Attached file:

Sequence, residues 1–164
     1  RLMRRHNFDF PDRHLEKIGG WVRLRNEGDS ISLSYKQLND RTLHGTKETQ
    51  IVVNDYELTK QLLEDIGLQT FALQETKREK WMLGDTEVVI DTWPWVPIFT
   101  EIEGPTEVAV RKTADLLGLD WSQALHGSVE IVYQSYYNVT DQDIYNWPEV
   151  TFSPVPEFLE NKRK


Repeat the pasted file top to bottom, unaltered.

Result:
Sequence, residues 1–164
     1  RLMRRHNFDF PDRHLEKIGG WVRLRNEGDS ISLSYKQLND RTLHGTKETQ
    51  IVVNDYELTK QLLEDIGLQT FALQETKREK WMLGDTEVVI DTWPWVPIFT
   101  EIEGPTEVAV RKTADLLGLD WSQALHGSVE IVYQSYYNVT DQDIYNWPEV
   151  TFSPVPEFLE NKRK